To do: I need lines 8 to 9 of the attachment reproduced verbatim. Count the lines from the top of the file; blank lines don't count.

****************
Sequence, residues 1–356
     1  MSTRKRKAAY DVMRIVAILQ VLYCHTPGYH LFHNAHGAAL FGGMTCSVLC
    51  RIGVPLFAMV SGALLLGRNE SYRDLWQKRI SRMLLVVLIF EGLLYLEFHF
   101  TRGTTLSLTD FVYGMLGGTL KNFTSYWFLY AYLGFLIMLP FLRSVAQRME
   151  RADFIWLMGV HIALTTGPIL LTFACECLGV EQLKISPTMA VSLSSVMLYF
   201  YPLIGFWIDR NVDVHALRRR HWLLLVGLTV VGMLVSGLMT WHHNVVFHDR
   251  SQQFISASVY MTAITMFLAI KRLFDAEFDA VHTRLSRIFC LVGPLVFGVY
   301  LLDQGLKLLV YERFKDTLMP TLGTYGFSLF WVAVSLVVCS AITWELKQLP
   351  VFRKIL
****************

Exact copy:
   301  LLDQGLKLLV YERFKDTLMP TLGTYGFSLF WVAVSLVVCS AITWELKQLP
   351  VFRKIL